Press Release: In Light of Recent Sheriff Violence, SF Groups Amplify Call to Stop New SF Jail

FOR IMMEDIATE RELEASE – Wed, April 22, 2015

In Light of Recent Sheriff Violence, SF Groups Amplify Call to Stop New SF Jail

Bay Area community groups to mobilize for Finance and Budget hearings and demand money go to community services, not more police and jails 

San Francisco – Today, the No SF Jail Coalition will attend the Finance and Budget Committee’s hearing to oppose requests from the SF Police Department for increased funding. The department is expected to ask for an additional $23 million to hire 150 more police officers, a move that community advocates argue will only worsen the violence that marginalized communities face at the hands of law enforcement.

“Law enforcement officials want to hire more officers and arrest more people in order to justify building a new $280 million jail,” says Lisa Marie Alatorre of the SF Coalition on Homelessness. “More jails and more police will only mean devastating consequences for people of color, poor, trans, and LGBQ San Franciscans.” The racial implications of policing and imprisonment is starkly exemplified by the fact that African Americans make up 56% of the SF jail population, although they only account for less than 5% of the city’s population.

“The recent revelations of the ‘gladiator-style’ fighting and racist text messages by SF’s law enforcement are simply a reminder of the violence of policing and imprisonment” says Jess Heaney of Critical Resistance. “Now, more than ever, we must stop the Police and Sheriffs Departments from pushing forward plans to expand their violent and wasteful institutions in our city.”

The No SF Jail Coalition, a collaboration of various Bay Area community groups, has been working to get the city to invest in increased services and alternatives to imprisonment, rather than wasting resources on more police and jails. “It’s time we invest in real solutions to public safety, housing, jobs, education, mental health care – not more of the same failed policies that harm our community,” says Alatorre.

The Finance and Budget Committee hearing is scheduled for 1pm at City Hall in Room 250. Spokespeople will be present to speak with press.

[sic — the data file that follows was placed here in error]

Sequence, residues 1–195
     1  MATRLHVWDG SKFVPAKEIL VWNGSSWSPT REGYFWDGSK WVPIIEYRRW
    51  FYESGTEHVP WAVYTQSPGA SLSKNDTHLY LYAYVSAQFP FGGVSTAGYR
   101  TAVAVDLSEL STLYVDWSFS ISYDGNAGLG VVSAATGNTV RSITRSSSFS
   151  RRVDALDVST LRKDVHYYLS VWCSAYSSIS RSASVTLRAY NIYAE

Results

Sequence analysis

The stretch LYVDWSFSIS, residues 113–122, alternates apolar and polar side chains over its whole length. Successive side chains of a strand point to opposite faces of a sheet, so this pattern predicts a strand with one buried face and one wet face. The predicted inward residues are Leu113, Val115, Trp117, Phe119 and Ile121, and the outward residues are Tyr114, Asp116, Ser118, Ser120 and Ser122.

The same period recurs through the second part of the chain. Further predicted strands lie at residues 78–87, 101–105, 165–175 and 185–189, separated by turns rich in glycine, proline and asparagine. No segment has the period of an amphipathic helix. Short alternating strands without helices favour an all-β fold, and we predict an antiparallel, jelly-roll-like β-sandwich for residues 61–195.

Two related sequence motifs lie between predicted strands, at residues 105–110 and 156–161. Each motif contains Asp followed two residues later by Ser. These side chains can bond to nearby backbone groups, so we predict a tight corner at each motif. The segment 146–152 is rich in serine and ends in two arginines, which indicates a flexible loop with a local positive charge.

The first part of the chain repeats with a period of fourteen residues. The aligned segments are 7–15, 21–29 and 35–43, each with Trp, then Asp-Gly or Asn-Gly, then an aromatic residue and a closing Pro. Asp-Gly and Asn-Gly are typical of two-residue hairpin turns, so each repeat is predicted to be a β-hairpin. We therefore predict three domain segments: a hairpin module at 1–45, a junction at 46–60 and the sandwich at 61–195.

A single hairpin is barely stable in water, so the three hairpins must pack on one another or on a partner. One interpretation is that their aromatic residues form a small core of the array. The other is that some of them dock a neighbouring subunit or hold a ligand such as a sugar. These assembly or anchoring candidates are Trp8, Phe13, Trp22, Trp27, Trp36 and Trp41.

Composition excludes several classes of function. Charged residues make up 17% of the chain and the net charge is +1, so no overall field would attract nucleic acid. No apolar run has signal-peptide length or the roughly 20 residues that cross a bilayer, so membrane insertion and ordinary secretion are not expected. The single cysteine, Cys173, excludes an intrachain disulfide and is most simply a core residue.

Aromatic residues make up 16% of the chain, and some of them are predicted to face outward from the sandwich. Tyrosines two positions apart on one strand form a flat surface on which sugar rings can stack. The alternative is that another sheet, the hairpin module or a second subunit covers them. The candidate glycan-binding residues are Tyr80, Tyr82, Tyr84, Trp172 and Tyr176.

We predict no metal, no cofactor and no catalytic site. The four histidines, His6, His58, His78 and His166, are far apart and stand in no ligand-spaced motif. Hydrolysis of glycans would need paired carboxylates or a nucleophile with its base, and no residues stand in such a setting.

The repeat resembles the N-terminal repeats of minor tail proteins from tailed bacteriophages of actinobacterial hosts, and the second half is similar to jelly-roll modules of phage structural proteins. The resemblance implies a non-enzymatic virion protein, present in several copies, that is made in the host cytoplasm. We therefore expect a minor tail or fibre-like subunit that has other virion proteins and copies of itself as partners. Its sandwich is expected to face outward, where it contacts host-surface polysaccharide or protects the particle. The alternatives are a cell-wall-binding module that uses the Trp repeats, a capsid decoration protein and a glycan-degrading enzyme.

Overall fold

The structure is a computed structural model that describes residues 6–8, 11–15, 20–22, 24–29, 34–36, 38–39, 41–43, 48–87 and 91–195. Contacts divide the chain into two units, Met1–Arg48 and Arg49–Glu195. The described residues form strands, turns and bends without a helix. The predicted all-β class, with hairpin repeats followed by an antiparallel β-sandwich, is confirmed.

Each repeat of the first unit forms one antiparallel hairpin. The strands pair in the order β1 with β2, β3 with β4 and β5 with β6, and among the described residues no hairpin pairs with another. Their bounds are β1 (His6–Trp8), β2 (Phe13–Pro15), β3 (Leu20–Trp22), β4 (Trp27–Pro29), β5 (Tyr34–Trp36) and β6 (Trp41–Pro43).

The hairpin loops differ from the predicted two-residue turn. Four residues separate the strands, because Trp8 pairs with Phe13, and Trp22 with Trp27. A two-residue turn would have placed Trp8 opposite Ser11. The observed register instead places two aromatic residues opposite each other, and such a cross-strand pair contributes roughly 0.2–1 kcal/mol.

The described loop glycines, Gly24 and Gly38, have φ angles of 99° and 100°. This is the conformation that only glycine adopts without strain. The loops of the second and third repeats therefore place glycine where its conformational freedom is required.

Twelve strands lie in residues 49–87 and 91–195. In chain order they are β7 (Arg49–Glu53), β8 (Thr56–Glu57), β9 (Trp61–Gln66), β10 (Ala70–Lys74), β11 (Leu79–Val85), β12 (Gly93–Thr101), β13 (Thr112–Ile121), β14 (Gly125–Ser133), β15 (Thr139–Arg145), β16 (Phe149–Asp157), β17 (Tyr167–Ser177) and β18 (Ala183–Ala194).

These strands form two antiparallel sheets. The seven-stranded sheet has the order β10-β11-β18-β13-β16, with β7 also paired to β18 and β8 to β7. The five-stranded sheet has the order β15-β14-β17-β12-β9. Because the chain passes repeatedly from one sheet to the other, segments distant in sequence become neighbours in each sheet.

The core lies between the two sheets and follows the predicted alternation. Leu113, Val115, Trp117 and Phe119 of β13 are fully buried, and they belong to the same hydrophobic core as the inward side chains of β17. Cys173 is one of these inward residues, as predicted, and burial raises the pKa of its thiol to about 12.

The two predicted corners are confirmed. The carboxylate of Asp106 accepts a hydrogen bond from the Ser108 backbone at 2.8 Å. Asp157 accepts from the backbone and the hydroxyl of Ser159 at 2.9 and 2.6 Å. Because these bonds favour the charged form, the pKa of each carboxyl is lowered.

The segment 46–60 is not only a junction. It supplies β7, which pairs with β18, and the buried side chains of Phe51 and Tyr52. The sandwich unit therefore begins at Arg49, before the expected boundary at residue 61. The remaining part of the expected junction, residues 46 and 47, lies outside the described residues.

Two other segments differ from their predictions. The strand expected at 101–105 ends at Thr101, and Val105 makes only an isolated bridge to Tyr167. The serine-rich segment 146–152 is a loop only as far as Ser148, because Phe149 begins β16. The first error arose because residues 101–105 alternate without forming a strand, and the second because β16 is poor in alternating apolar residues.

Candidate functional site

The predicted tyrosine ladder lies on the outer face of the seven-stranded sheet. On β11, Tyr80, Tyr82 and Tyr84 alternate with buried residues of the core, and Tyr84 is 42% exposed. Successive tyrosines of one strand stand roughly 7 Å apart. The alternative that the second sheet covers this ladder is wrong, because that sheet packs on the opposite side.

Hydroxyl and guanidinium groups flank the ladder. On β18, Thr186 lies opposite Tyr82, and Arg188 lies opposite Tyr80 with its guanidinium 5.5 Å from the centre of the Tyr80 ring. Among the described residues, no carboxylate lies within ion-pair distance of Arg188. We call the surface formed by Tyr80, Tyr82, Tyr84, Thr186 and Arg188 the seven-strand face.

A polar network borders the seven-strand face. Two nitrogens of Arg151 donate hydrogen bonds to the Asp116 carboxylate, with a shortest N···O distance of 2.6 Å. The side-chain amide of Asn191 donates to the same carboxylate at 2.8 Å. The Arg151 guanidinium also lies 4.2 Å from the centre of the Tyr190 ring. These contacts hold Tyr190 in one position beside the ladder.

Press Release: New SF Jail Will Harm the Environment, Opponents Argue

For Immediate Release – Thursday, June 4, 2015

New SF Jail Will Harm the Environment, Opponents Argue

No New SF Jail Coalition files appeal to jail planners’ environmental report

SAN FRANCISCO – Yesterday, organizations with the No SF Jail Coalition filed an appeal against a report by the SF Planning Department challenging its claims that construction of a proposed jail would not have significant impacts on the environment. Additionally, over 200 public comments in opposition to the report and the proposed jail have been submitted as of yesterday’s deadline for public input.

Under the California Environmental Quality Act (CEQA), any proposed construction project must go through an environmental review process assessing the project’s potential impacts on air and water quality, geology, traffic, and transportation, among other factors. Instead of conducting the much more rigorous Environmental Impact Report (EIR), jail planners opted for the less thorough Mitigated Negative Declaration, a move harshly criticized as insufficient by community members opposed to the jail.

“We demand that jail planners provide us with a full EIR and not obscure the actual environmental costs and harms of a new jail. The construction of this jail will have major impacts on transportation, public services, and air quality, yet these are not properly addressed in the current report,” said Jess Heaney of Critical Resistance. “Officials are trying to steamroll the approval of the jail, but we will throw every obstacle in their path until we put an end to the project altogether.”

Jail opponents are also raising concern that the project would displace people in Single Resident Occupancy (SRO) affordable housing living in a historic building that would have to be torn down. “It is completely absurd that SF officials want to bulldoze affordable housing units to make way for a jail during what is arguably San Francisco’s worst affordable housing crisis in its history,” says Lisa Marie Alatorre of Coalition on Homelessness. “We should be investing in affordable and supportive housing, not perpetuating the problem by squandering hundreds of millions on more jails.”

Organizers against the jail are gearing up for a public hearing on “Alternatives to Jail Rebuild,” sponsored by Supervisor Jane Kim and Board President London Breed. Community members and residents will be mobilizing for the hearing to urge elected officials to invest in effective alternatives to the jail, such as expanded community-based mental health programs, drug treatment, and bail reform. The hearing will take place at the regular Public Safety and Neighborhood Services Committee meeting on June 18, 2pm, in Room 250 of City Hall.